What is Dying Matters Awareness Week?

Dying Matters Awareness Week is an annual event seeking to stimulate conversation within the community concerning questions of death, grief, and bereavement. Talking about death has traditionally been viewed as a taboo topic that prompts an uncomfortable reaction; however, as Hospice UK the organisers of Dying Matters believe, it needn't be this way. Their mission is to get communities talking about issues surrounding death in any way that works for them.

This year, the University of Bath's Centre for Death and Society (CDAS) will further this mission by hosting a series of activities designed to encourage engagement and reflection on these issues together with the community.

Dying Matters Awareness Week will take place from 2 - 6 May

CDAS Dying Matters Programme of Events

Tuesday, 3 May - 7PM - 8PM BST - 'Natural Death in Care Homes: The Line Between Non-Intervention and Neglect'

For this year's Beatrice Godwin Memorial lecture, CDAS is proud to present Dr Diana Teggi as she discusses end of life care in care homes. Drawing on Diana’s PhD ethnography, this lecture will examine how dying is managed within the care home environment from the perspective of staff, asking the most basic question: can there ever be such a thing as a ‘natural death’ in a care home?

This lecture is delivered in memory of Beatrice Godwin, a PhD student at Bath who sadly passed away following a battle with Lymphoma during the course of her studies.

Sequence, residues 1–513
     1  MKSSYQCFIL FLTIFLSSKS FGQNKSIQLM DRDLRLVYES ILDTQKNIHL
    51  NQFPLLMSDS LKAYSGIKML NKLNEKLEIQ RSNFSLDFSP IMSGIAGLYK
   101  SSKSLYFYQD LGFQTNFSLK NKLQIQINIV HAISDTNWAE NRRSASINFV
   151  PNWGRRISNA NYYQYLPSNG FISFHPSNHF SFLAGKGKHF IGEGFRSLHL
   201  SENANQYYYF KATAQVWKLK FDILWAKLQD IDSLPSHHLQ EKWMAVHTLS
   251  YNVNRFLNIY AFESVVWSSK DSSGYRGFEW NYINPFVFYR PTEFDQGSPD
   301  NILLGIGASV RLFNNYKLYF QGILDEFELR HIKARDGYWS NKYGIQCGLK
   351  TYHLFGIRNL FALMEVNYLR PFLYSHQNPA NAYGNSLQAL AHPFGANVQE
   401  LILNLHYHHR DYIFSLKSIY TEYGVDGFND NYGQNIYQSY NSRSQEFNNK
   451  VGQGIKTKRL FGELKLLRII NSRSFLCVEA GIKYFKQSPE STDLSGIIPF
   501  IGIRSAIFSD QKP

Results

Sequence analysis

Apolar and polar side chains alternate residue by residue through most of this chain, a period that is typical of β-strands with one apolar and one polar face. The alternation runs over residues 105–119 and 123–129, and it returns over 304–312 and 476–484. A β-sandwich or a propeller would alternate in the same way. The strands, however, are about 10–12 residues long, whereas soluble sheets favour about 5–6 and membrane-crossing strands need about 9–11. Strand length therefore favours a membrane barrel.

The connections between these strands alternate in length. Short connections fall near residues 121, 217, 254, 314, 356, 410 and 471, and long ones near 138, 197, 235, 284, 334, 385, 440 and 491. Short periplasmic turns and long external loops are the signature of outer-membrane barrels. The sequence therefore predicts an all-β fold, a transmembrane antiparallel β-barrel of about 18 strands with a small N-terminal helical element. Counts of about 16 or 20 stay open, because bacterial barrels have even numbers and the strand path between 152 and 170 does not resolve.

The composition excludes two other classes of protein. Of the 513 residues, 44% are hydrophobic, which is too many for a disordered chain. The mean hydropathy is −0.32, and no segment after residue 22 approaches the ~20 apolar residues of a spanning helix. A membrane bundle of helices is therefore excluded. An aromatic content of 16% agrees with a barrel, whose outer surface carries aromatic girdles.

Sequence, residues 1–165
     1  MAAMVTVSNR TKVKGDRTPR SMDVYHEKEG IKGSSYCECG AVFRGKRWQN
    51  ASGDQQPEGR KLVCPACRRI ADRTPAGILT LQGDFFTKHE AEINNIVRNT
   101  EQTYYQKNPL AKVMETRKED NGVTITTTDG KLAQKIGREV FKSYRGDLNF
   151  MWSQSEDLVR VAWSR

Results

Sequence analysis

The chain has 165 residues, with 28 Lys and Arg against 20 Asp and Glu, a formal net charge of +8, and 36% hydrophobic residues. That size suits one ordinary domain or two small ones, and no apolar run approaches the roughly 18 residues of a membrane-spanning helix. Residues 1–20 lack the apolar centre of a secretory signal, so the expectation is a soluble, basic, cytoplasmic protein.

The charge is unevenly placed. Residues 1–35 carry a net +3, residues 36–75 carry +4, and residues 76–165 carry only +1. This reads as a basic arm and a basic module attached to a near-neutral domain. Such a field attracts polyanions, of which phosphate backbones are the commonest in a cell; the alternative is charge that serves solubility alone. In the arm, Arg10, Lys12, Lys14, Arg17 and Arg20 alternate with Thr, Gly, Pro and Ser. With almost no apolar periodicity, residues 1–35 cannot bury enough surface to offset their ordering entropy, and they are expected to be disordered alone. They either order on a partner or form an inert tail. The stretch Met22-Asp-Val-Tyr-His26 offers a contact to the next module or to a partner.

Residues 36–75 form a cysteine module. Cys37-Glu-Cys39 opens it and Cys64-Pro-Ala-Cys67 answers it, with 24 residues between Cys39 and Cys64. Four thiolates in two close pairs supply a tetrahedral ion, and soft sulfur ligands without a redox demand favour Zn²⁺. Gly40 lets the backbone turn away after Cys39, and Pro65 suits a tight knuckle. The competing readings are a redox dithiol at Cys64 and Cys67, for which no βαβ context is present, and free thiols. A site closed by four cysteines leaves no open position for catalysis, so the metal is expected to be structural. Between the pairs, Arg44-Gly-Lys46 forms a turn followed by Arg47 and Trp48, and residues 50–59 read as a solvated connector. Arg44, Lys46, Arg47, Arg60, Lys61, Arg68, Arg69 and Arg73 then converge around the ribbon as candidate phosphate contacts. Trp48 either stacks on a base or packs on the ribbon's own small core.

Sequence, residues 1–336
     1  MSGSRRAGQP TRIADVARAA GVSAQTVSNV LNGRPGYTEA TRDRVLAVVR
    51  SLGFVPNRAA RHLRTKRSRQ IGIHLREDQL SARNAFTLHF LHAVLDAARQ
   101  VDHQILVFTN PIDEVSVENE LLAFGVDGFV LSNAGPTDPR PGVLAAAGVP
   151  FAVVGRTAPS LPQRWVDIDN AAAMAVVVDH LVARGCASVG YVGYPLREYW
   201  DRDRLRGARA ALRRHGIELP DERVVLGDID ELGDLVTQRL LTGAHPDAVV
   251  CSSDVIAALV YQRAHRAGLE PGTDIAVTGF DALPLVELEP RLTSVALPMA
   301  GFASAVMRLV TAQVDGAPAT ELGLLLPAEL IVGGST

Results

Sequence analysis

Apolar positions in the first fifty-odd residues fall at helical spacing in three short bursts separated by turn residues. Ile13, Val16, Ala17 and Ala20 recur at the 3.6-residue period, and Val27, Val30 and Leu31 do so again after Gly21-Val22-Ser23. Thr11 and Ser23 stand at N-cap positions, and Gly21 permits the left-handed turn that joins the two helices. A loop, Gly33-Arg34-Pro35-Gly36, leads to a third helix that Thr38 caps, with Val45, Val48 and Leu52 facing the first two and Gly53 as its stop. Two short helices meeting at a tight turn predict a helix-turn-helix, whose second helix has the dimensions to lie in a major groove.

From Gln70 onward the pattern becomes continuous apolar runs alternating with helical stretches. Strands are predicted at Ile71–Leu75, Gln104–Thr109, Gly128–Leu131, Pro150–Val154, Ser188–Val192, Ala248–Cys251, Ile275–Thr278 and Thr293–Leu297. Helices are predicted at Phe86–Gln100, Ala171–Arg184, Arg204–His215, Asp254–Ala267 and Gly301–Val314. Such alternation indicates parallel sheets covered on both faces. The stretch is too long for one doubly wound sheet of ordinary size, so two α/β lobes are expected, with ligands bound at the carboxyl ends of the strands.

Tickets and more info. This is a free event.

Wednesday, 4 May - 6PM - 9PM BST - 'Home' Film Screening and Q&A with Sarah Outen MBE

Sarah’s expeditioning career started in her early twenties when, following the death of her father, she readied herself to tackle an ocean row to raise money for Arthritis charities in his name. And at the age of just 24, Sarah spent 124 days alone at sea rowing from Australia to Mauritius to become the first woman, and youngest person ever, to row solo across the Indian Ocean.

In her film 'Home', Sarah documents her London 2 London: Via the World expedition, a four-year odyssey which saw her travel for over 20,000 miles around the world. Woven from hundreds of hours of filmed footage from the expedition, Home intimately and unflinchingly captures Sarah’s journeys: the kindness of strangers, the wonders of the wild, the savagery of the elements, the near-death experiences, the demons of her emotional trauma and PTSD, and her love for her wife Lucy.

Following the screening, Sarah will be taking questions from the audience. There will also be a book stand where she will be selling and signing her books.

Tickets and more info
Tickets are £15, or students and the unwaged can obtain a 50% discount using a code (provided to select student societies or by contacting CDAS). A wine reception is included in the cost of the ticket.

Thursday, 5 May - 5PM - 6PM BST - CDAS InConversation with Dr Kami Fletcher and George Gumisiriza

Titled 'Death Politics: How does resilience expose the inequalities in the face of social change?', this lecture examines the idea of 'moving on' regarding grief after loss. 'Moving on' is often power-imbued; it perpetuates inequalities within established margins in death politics. Resilience is expected of the survivors regardless.
In this InConversation, Dr Kami Fletcher and George Gumisiriza will converse and reflect on (overly)simplistic approaches of dismissal in death matters and how they affect particular groups in society.

Tickets and more info. This is a free event.